POLITICS & INSTITUTIONS - INSTITUTIONS

Guest editorial

The Spaceresources.lu initiative, five years later



“Space today is a €400bn+ annual business,” says Georges Schmit. Photo: Matic Zorman / Maison Moderne

“Space today is a €400bn+ annual business,” says Georges Schmit. Photo: Matic Zorman / Maison Moderne

This month we invited Georges Schmit, a member of the advisory board on space resources, to contribute an editorial on the subject of Luxembourg’s efforts in its space ecosystem.

Today, Luxembourg is again the centre of interest in the global space technology and business community as the third NewSpace Europe Conference is being held on the University of Luxembourg’s Belval campus. This annual event is but one item in an extensive five-year action plan implemented after the launch of the SpaceResources.lu initiative in June 2016.

Aiming to “participate in the peaceful exploration and sustainable utilisation of space resources for the benefit of humankind” was the leading vision that guided the design and implementation of this action plan, which was meant to develop an ecosystem to enable Luxembourg to participate in the future exploration and settlement of humans in space.

Unlike the approach of most other nations relying on large space administrations or agencies to implement their space policies, the goal of the first SpaceResources.lu action plan was to build an agile ecosystem which should enable, promote, authorise and supervise the activities of commercial entities in contributing to the Luxembourg vision.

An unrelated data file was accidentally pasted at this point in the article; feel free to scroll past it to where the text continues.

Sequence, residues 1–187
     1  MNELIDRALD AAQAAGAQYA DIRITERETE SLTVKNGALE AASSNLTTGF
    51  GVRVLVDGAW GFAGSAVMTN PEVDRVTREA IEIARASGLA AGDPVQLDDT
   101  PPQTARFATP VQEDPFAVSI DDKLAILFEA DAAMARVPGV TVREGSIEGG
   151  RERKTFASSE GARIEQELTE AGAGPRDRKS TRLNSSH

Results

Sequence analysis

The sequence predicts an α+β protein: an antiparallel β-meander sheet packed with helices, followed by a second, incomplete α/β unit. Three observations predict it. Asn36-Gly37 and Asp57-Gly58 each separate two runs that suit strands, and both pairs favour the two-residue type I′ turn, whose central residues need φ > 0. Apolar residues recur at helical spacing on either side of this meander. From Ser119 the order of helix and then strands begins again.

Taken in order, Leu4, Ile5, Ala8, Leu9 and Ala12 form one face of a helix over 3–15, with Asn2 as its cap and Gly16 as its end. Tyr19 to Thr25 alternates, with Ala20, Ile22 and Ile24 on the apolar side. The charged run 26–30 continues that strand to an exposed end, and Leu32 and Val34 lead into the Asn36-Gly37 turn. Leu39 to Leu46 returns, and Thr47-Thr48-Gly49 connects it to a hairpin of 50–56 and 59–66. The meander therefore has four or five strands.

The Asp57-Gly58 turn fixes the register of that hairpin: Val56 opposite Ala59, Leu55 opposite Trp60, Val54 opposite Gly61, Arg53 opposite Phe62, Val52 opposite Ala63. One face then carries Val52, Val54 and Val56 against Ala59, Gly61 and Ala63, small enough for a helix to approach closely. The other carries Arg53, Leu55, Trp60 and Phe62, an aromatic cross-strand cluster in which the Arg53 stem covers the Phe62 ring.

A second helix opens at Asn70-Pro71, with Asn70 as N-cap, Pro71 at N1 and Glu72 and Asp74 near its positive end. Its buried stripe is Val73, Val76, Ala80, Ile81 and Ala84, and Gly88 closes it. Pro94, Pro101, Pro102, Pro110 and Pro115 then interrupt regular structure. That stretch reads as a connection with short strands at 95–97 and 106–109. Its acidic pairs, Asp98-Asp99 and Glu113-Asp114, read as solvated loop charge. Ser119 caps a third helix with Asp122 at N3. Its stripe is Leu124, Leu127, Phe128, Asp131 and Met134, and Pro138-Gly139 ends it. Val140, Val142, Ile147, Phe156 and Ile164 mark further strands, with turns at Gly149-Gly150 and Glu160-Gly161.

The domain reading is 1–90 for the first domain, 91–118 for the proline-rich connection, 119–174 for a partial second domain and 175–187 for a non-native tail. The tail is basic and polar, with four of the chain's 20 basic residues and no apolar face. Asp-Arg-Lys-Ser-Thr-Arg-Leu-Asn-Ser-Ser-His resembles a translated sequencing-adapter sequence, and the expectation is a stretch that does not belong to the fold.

For sure, the fundamental idea behind the initiative was to develop yet another economic vertical for the decades to come, focusing on the resources necessary for future human activity in space. International cooperation and promoting the emergence of new space business activities was expected to lead to new economic value creation and jobs.

Five years later, it is fair to look back on how things have gone--and to lay out a few thoughts on the next steps!

Strong achievement record

On the legal and regulatory front, several laws were passed by parliament to set the framework for authorising, supervising and registering the activities of commercial businesses in space. In the area of international cooperation, Luxembourg has become a respected contributor in multilateral space policy fora and organisations (UN, ESA, EU, Hague Space Resources Working Group, etc.) and has signed bilateral cooperation agreements with many spacefaring nations and organisations.

New academic curricula at the University of Luxembourg--as well as the establishment of new research and innovation infrastructure and project teams at the SnT, List and the newly founded European Space Resources Innovation Centre (ESRIC)--are but a few examples of a range of initiatives in collaborative research and innovation, dissemination of knowledge and talent development in space law, business and technology.

New incentive and funding mechanisms for space startups and established commercial operators have also provided significant support, helping to launch more than 50 new space businesses and research entities.